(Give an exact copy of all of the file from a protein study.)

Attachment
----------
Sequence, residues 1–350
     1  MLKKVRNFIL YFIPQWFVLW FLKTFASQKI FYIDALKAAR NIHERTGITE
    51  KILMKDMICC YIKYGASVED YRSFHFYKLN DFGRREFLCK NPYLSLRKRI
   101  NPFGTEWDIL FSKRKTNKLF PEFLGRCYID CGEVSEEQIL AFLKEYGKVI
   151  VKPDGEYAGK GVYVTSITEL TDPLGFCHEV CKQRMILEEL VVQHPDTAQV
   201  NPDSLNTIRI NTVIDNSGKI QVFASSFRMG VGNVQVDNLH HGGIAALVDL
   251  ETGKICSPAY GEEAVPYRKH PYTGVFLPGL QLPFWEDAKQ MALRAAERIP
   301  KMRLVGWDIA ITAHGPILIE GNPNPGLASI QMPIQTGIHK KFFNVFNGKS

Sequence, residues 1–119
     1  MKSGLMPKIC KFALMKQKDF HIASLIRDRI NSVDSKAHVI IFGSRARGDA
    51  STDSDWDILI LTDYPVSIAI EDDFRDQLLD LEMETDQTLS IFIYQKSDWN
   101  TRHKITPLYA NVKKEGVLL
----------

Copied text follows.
Sequence, residues 1–350
     1  MLKKVRNFIL YFIPQWFVLW FLKTFASQKI FYIDALKAAR NIHERTGITE
    51  KILMKDMICC YIKYGASVED YRSFHFYKLN DFGRREFLCK NPYLSLRKRI
   101  NPFGTEWDIL FSKRKTNKLF PEFLGRCYID CGEVSEEQIL AFLKEYGKVI
   151  VKPDGEYAGK GVYVTSITEL TDPLGFCHEV CKQRMILEEL VVQHPDTAQV
   201  NPDSLNTIRI NTVIDNSGKI QVFASSFRMG VGNVQVDNLH HGGIAALVDL
   251  ETGKICSPAY GEEAVPYRKH PYTGVFLPGL QLPFWEDAKQ MALRAAERIP
   301  KMRLVGWDIA ITAHGPILIE GNPNPGLASI QMPIQTGIHK KFFNVFNGKS

Sequence, residues 1–119
     1  MKSGLMPKIC KFALMKQKDF HIASLIRDRI NSVDSKAHVI IFGSRARGDA
    51  STDSDWDILI LTDYPVSIAI EDDFRDQLLD LEMETDQTLS IFIYQKSDWN
   101  TRHKITPLYA NVKKEGVLL